A Christian humanitarian worker has called for international governments to restructure how they distribute aid to poorer countries because Christians are still being denied coronavirus aid in some countries.
Open Doors UK & Ireland has warned the coronavirus pandemic has "turned the screw dramatically on Christians who are already oppressed for their faith."
The Christian persecution watchdog said thousands Christians in some parts sub-Saharan Africa have lost their jobs and are either been turned away when trying to get help or are put last in line for government food aid.
Jo Newhouse, regional spokesperson for sub-Saharan Africa at Open Doors, told Premier Christian News: "There's a woman that we'll call Abigail, who is a young mother who was displaced by violence and who was then forced into an informal IDP camp, where really they didn't get any sort of help from the government, not from the national government or from the regional government.
"They were really at the mercy of any kind of well-wisher that would come around and help them with food. So they were hundreds of families in that camp, and they really only were able to eat once a day."
She added that the pandemic has made life tougher for new Christian converts.
"In these rural areas you need the community around you to survive. If your community rejects you, this is where it becomes very difficult for you to survive," she said.
"Many Christian converts speak about the fact that they don't have food to eat, and Christians who were normally able to help them aren't able to help them anymore because everyone is just living hand to mouth. And when they when they don't have an income the food gets used up very quickly. So it's a really desperate situation for them."
Open Doors said local churches who are usually able to help no longer can as finances have diminished.
Newhouse added: "Churches in northern Nigeria are used to persecution and their responsibility created by violent persecution. But the problems they face during the COVID-19 pandemic are unprecedented.
"Lockdowns have greatly affected the income of churches and radically reduced their ability to help the needy. "With churches closed and activities curtailed, pastors and other full-time church workers who serve in the most volatile areas, find themselves in deep trouble.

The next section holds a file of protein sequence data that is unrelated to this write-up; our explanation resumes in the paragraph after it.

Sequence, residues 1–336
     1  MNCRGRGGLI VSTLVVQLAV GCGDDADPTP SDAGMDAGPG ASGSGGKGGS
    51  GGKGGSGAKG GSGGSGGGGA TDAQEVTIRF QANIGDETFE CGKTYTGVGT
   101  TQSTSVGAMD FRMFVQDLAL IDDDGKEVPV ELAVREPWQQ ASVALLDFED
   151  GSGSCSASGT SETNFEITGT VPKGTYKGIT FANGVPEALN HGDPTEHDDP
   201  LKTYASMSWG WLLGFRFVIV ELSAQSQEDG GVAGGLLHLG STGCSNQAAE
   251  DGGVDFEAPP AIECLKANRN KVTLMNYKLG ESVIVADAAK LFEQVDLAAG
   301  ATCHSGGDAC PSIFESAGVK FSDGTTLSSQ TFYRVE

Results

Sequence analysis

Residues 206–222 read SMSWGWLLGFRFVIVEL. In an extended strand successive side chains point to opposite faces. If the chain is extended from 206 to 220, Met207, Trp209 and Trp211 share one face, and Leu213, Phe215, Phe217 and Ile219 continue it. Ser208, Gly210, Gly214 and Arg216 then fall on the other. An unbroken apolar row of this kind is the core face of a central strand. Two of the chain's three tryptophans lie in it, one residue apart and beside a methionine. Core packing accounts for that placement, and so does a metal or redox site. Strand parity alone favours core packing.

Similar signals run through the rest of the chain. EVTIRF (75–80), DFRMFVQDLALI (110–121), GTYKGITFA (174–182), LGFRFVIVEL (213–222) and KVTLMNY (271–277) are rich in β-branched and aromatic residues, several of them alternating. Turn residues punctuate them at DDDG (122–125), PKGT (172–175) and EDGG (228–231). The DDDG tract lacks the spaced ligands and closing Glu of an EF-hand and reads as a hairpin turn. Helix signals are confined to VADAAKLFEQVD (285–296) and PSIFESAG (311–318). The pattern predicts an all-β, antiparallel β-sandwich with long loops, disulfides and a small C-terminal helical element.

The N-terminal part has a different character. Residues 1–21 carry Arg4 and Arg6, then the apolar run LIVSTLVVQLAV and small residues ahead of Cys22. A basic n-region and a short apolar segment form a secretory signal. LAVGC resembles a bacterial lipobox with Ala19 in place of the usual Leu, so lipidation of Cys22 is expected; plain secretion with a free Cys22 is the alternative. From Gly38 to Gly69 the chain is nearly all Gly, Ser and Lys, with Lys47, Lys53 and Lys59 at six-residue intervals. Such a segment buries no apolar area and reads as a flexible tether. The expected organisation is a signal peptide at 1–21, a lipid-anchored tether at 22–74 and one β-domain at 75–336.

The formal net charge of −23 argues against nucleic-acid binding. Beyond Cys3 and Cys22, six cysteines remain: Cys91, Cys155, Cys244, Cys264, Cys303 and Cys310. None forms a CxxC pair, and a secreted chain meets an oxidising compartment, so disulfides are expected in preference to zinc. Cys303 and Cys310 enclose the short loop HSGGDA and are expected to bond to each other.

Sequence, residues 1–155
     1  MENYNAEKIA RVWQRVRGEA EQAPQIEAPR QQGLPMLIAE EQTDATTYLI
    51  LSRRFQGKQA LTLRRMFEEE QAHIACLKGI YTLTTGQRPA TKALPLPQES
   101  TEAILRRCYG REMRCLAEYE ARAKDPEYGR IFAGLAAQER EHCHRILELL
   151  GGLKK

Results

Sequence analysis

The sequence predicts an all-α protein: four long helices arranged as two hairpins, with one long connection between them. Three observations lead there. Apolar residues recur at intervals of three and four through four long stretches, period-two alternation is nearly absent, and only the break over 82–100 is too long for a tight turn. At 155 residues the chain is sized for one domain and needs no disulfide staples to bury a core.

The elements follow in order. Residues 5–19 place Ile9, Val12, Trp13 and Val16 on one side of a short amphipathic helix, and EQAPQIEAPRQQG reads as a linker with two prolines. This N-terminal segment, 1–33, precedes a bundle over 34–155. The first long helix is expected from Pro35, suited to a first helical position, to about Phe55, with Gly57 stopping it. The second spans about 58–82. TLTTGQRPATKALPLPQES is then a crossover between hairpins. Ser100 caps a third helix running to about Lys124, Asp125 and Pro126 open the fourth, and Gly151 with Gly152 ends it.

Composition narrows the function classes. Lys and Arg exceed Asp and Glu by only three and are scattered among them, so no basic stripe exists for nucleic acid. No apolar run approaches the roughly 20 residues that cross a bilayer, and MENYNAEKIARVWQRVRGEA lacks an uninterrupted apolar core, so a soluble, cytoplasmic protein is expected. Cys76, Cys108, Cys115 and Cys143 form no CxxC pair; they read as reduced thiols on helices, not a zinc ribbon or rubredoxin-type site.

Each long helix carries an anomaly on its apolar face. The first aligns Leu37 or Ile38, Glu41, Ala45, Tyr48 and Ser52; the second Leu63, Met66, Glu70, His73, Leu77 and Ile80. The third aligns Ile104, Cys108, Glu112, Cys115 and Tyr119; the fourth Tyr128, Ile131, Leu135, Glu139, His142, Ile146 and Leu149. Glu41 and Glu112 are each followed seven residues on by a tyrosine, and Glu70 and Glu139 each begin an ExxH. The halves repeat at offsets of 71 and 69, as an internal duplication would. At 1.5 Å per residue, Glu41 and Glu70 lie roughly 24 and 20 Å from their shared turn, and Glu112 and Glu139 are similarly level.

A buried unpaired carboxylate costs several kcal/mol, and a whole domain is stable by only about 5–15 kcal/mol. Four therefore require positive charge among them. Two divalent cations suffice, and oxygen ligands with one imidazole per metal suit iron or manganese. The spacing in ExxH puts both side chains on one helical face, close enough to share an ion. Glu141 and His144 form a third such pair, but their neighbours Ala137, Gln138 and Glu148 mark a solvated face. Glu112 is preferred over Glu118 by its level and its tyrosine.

"They are very dependent on tithes for income and now cannot feed their families, much less the throngs of people looking to them for help.
"This means that victims of persecution - many of them widows and orphans - cannot be helped.
"We have had cries for help from Ethiopia, Sudan and several other African nations we work in."
The warning comes as the United Nations (UN) marks its International Day Commemorating the Victims of Acts of Violence Based on Religion or Belief on Saturday. The day was instituted by a UN General Assembly resolution asserting that "states have the primary responsibility to promote and protect human rights, including the human rights of persons belonging to religious minorities, including their right to exercise their religion or belief freely".
Newhouse said there needs to be a shift in the way aid is given out.
"I think agencies like the UN can work more with local entities and get to know local entities much better and make sure that there is a diversity in the local entities that disperse the help that come from international governments," she said.
"The problem that we see often is that there are governments that help and that are eager to help, but they often do it through social structures in local areas. They might send assistance to a Muslim dominated area, all of that help would go through a Muslim government or even through mosques, and Christian minorities would be excluded."
She admitted that it was a difficult problem to manage but said there's a lot of work to do to ensure that everyone, including minorities and the vulnerable are helped.
Listen to Premier's interview with Jo Newhouse here: